(Because I'm reading it aloud, doing the voices, I also have developed the most irritating habit of saying practically everything in a hyper-affected English accent. Please don't slap me when you hear me talking that way. I'll stop doing it as soon as we've finished the book.)

Every time you see the New York Times bestseller list and realize that this book is not at the top of it, but instead has been shunted into a "children's book" ghetto, remember: This is an active lie, a conspiracy to deprive J.K. Rowling of public recognition of her achievement, which was to write a series of books loved by readers of every age, without the blessing of the elitist literary establishment.

Why did they move Rowling's books off the main list?

Because they sat in the number one position (and sometimes positions two and three at the same time) for week after week and month after month, and a bunch of whining babies in the New York literary establishment complained that these "children's books" were keeping their books from getting the recognition they deserved.

Well, guess what. Whenever any book is in the number one position, then that book is forcing the next book down into the number two position. Duh.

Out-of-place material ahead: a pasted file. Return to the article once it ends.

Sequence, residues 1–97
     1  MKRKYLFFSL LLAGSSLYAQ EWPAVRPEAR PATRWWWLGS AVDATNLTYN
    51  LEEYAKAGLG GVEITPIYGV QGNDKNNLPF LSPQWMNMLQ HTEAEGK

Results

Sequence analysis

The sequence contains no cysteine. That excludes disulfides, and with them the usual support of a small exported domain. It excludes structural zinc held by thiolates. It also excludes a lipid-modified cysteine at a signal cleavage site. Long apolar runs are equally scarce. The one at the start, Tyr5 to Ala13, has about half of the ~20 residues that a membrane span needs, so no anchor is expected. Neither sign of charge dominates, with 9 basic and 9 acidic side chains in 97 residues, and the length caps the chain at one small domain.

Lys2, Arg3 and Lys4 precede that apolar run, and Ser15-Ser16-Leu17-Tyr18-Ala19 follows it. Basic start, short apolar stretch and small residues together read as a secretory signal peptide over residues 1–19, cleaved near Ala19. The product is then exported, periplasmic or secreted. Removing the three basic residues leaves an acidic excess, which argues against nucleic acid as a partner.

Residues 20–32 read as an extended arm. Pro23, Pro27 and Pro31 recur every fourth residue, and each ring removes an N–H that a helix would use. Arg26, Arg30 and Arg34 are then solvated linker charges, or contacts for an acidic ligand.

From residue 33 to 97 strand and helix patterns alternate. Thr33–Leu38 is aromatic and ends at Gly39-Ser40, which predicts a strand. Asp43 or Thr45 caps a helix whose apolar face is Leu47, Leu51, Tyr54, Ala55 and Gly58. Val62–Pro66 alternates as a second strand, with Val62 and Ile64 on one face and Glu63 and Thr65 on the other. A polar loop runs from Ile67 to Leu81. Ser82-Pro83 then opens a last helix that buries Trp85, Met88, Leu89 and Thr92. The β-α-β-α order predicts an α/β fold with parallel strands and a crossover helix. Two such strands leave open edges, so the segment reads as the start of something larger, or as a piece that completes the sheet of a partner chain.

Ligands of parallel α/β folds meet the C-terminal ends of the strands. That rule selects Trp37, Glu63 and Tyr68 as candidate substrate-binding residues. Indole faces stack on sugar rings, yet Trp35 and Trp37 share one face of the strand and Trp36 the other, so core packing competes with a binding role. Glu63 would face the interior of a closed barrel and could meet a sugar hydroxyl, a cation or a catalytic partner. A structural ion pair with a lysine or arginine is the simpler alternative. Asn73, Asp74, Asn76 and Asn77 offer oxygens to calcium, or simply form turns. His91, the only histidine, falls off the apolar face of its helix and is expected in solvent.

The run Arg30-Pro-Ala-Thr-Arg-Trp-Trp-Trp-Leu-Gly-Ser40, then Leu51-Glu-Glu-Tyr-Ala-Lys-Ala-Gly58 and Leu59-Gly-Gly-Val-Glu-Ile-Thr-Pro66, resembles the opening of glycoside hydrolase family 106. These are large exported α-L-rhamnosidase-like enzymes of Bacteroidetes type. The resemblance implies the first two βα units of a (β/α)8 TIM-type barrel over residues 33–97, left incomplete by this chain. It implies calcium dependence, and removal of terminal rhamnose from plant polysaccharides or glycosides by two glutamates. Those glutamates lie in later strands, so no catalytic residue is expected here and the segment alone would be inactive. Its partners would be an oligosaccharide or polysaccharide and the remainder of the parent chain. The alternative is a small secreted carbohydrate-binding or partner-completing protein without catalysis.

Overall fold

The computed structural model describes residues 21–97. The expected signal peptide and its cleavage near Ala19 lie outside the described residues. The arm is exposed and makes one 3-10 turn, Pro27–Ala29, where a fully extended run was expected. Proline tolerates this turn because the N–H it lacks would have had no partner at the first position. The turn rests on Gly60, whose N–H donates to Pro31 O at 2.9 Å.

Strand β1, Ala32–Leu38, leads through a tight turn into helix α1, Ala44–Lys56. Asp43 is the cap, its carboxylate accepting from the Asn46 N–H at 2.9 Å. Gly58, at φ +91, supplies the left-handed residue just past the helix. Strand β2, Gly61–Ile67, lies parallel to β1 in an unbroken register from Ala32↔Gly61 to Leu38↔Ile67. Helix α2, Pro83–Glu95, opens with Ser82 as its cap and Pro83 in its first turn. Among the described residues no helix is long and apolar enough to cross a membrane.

The reason for the whining was that the whiners didn't understand how Rowling had done this incredible thing, why people were not just buying her books, but reading them and talking about them.

They hated her because she had actually turned reading into a high priority for a huge number of people who had long since given up on reading as a form of entertainment.

And instead of learning from her and trying to write books that regular people might actually enjoy instead of having to take them like medicine, the literary snobs found it easier to put her in a little box and pretend she wasn't there.


I drive a Ford Crown Victoria -- what my daughter's friends have charitably called "an old man's car." I like it because it's great on long trips, it has plenty of room for me to sit in the driver's seat without my knees being jammed up around my elbows, and it has room for lots of passengers.

But big cars use more gas. I apologize for that, but not very sincerely. Our other car, which is driven far more miles, gets better fuel economy. On average, we're about average in fuel consumption.